Generally vitamins have to be ingested with the food and cannot be produced by the body. In medicine there are always exceptions. The skin is able to produce vitamin D when exposed to the sun. However, to prevent development of skin cancer, as little as possible sun exposure and sun screen is recommended. A disease which has disappeared more than 70 years ago, returns.
Older generations remember that years back, small children frequently had O-shape deformity of the legs. As soon as the cause of this was elucidated: Vitamin D deficiency, new borne babies routinely receive vitamin D supplements to prevent rickets. Vitamin D is important for calcium and phosphate uptake from the food. The molecule must be activated first by the liver and the kidney to the active metabolite 1,25-dihydroxycholecalciferol. Severe diseased liver or kidney may impair vitamin D activation and cause bone disease also in adults.
Nowadays body lotions and sun cream protect against UV light (280-320nm) and skin cancer and accelerated aging of the skin. On the other hand, in our area more than 60% of people show low concentration of vitamin D in the blood (25-hydroxy-vitamin D <50nmol/l in the blood) and therefore an increased risk of a weakening bone and increased risk for fractures after little trauma. Bone is not a static organ. Osteoclasts brake bone down and osteoblast build it up. Normal bone metabolism requires calcium and phosphate to ossify the matrix of the bone. In addition, vitamin D also has a direct effect on the function of the muscle fibres. Thus, low level of vitamin D rises the risk of falls and also of fractures of the vertebral bones and the hip. X-ray may show spontaneous pseudo-fractures of the pelvis, the ribs and leg.
Waldhotel offers bone density scanning (DEXA Scanning) to assess your risk of bone fracture.
Many organs demonstrate specific receptors for vitamin D. This finding suggests many more effects of vitamin D than on the muscles and skeletal. Scientific studies address the relationship between vitamin D deficiency and increased risk of rheumatoid arthritis, the development and acceleration of autoimmune diseases, postoperatively more frequently irregular heart rhythm (atrial fibrillation), prolonged bleeding, increased risk of infection and impaired renal function in patients with low vitamin D level in the blood. Vitamin D modulates the immune system by proliferation and differentiation of lymphocyte and monocytic blood cells and has anti-inflammatory effects. Cytokines seem also to be involved. Of course, to much vitamin D is not healthy either. Increased concentration of vitamin D results in high level of calcium in the blood and that may damage the kidney, impair gut and brain function.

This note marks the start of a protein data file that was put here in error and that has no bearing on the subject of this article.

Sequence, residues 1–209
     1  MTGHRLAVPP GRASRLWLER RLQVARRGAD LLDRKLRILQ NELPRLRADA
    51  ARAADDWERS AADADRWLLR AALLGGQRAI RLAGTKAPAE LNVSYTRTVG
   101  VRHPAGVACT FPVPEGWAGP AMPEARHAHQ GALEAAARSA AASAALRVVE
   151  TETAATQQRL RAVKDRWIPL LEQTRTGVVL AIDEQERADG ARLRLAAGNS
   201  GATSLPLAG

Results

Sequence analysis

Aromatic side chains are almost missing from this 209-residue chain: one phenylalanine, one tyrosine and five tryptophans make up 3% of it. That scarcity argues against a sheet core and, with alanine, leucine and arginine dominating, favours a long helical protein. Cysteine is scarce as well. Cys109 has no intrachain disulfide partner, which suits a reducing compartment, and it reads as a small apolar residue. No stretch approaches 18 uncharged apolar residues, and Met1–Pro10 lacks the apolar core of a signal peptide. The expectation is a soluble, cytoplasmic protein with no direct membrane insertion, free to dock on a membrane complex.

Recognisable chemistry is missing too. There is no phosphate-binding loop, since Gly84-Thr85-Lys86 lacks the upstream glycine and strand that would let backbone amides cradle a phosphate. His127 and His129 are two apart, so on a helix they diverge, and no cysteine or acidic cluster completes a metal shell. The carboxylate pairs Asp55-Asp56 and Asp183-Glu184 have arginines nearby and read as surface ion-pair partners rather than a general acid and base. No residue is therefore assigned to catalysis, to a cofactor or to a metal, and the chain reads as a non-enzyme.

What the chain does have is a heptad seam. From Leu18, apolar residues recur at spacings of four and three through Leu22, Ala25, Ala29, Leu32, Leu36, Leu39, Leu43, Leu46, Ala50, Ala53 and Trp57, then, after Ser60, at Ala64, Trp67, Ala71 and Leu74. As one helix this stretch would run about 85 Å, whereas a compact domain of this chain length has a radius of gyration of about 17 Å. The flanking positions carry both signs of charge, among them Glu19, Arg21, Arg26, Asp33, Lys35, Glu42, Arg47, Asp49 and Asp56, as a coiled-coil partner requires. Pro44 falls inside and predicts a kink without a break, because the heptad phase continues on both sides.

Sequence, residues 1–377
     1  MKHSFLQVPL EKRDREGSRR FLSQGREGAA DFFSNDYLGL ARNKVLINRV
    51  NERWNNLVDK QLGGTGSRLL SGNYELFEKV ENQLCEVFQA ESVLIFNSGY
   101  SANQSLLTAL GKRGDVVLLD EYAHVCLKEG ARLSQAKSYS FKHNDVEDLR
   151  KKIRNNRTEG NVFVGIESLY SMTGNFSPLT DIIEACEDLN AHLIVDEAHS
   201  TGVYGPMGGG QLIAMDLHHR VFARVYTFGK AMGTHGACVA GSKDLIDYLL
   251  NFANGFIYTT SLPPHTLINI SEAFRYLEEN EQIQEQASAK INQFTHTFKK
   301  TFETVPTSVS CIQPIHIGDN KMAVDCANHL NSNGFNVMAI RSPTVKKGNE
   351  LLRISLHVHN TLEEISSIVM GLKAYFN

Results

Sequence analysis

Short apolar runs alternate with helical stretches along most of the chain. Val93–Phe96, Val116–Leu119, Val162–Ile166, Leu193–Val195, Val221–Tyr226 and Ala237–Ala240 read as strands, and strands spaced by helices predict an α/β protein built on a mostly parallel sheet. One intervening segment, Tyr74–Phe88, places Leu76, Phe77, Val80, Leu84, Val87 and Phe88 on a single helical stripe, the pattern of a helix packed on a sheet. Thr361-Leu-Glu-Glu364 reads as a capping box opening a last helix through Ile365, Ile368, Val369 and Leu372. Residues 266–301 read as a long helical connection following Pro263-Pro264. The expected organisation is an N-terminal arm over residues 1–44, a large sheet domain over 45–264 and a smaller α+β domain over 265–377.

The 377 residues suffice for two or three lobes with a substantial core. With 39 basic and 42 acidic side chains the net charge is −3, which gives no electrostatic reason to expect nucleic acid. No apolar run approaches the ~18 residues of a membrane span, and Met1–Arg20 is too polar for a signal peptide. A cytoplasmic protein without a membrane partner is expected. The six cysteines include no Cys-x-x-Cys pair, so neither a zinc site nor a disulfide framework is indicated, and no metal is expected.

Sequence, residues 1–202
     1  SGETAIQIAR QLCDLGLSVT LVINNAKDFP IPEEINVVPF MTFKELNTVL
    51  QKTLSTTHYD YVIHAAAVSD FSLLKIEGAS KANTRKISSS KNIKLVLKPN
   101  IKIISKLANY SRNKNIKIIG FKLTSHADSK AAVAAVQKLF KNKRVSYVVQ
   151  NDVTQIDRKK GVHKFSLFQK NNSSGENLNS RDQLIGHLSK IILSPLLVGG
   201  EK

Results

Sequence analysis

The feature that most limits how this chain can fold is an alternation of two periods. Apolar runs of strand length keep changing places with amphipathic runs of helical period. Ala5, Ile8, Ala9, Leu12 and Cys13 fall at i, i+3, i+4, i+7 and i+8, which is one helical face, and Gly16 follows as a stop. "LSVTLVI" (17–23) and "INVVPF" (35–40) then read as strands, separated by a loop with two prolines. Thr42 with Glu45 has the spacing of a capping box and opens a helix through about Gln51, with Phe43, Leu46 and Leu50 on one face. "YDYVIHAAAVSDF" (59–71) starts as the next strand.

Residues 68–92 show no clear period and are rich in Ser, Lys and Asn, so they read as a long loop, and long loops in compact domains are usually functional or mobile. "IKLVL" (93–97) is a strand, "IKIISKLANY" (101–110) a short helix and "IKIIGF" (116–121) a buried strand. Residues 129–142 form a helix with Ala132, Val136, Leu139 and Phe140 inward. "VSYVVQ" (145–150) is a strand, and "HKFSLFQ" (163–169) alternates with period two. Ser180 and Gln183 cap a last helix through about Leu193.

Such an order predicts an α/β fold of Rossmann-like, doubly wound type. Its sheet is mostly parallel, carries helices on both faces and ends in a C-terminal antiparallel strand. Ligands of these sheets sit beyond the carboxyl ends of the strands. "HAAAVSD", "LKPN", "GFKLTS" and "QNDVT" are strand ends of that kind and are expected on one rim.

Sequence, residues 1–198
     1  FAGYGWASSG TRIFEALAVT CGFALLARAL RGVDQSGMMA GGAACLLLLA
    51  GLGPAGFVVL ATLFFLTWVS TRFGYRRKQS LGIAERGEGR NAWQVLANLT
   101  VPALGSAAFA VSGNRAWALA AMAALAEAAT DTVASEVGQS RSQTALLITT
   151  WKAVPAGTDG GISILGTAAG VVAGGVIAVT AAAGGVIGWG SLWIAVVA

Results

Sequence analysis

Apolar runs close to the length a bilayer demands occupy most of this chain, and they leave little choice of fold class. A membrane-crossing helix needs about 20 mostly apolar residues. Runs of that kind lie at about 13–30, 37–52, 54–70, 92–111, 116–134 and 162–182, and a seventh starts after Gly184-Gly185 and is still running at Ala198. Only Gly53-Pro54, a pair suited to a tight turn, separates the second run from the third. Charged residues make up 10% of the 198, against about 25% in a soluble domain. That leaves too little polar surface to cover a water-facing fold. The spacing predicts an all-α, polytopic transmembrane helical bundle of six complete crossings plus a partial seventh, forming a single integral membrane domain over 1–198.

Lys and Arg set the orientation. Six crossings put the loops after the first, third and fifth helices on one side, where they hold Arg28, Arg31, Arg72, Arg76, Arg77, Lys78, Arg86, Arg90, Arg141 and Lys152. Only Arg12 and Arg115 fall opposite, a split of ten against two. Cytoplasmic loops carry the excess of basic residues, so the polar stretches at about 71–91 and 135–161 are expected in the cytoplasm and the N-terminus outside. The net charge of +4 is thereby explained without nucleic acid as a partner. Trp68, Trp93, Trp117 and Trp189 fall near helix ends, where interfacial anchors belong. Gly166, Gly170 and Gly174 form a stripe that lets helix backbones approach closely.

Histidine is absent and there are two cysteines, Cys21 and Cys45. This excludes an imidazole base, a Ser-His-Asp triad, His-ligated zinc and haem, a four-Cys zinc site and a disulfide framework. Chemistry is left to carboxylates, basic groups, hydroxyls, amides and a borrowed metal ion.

Within the Waldhotel Checkup, in addition to other parameters, we routinely measure the calcium and vitamin D concentration in the blood.
Our body is a complex system depending on numerous small units that are coordinated with each other. Generally there is a substance inducing some effect and another inhibiting to balance the system. Calcium metabolism is regulated by vitamin D to increase calcium from the gut. A rise in calcium level in the blood inhibits parathyroid hormone (PTH). Low calcium in the blood enhances PTH concentration from the parathyroid gland to remove calcium from the bone. Thus, calcium concentration in the blood stabilises and tetanic muscle reaction are prevented. However, the mineralisation of the bone will decreases when PTH is rising. PTH is suppressed when vitamin D level is at least 70nmol/l in the blood.
We carry out a variety of blood tests, including hormone concentrations to identify under and over functioning glands, electrolyte or trace element deficiencies.
Vitamin D in the food is not sufficient to keep the blood concentration of 25-0H-vitamin D in the preferred range (>100nmol/l). Fat fish such as salmon, sardines and mackerel have high concentration of vitamin D but one regular portion per day is rarely enough to cover the need. Some food products therefore, are enriched with vitamin D (e.g. margarine, milk, cereals). The daily requirement for adults: 800U vitamin D. Calcium intake has to be normal (1000mg/day) too. In the average population older than 65 years the supplement of vitamin D and calcium (800U and 1000mg calcium) reduces the number of falls and hip fractures by 30%.
Preventative healthcare is our philosophy and we recommend a basic check up to detect any risks of disease. This can forestall the onset of an illness or reduce the severity. Nutrition is integral to preventative healthcare, if you would like to learn which foods could have a positive influence on your personal health we recommend our Cooking Lab with our nutritionist chef.
Osteomalacia is also seen in persons with low calcium intake (adults: 1000mg/day). In the skin, the sun stimulates the production of endogenous vitamin D. That’s in contrast to other vitamins, which have to be supplemented and therefore vitamin D is now named hormone.